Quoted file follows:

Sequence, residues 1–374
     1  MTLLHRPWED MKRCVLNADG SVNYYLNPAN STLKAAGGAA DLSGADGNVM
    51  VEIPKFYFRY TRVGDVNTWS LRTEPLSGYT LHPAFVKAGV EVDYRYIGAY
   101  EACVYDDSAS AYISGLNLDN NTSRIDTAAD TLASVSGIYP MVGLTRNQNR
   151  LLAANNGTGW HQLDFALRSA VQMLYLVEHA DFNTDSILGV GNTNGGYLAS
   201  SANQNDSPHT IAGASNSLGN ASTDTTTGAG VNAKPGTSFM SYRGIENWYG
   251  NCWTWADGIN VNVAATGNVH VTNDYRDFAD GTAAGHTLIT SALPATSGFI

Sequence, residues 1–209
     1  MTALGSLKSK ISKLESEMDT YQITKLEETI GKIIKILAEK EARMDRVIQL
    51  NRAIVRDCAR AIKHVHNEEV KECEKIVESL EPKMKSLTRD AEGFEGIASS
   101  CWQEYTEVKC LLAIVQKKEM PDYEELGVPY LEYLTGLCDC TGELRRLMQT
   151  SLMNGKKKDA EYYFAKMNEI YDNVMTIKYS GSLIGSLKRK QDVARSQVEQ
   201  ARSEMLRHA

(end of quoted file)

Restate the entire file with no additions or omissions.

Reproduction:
Sequence, residues 1–374
     1  MTLLHRPWED MKRCVLNADG SVNYYLNPAN STLKAAGGAA DLSGADGNVM
    51  VEIPKFYFRY TRVGDVNTWS LRTEPLSGYT LHPAFVKAGV EVDYRYIGAY
   101  EACVYDDSAS AYISGLNLDN NTSRIDTAAD TLASVSGIYP MVGLTRNQNR
   151  LLAANNGTGW HQLDFALRSA VQMLYLVEHA DFNTDSILGV GNTNGGYLAS
   201  SANQNDSPHT IAGASNSLGN ASTDTTTGAG VNAKPGTSFM SYRGIENWYG
   251  NCWTWADGIN VNVAATGNVH VTNDYRDFAD GTAAGHTLIT SALPATSGFI

Sequence, residues 1–209
     1  MTALGSLKSK ISKLESEMDT YQITKLEETI GKIIKILAEK EARMDRVIQL
    51  NRAIVRDCAR AIKHVHNEEV KECEKIVESL EPKMKSLTRD AEGFEGIASS
   101  CWQEYTEVKC LLAIVQKKEM PDYEELGVPY LEYLTGLCDC TGELRRLMQT
   151  SLMNGKKKDA EYYFAKMNEI YDNVMTIKYS GSLIGSLKRK QDVARSQVEQ
   201  ARSEMLRHA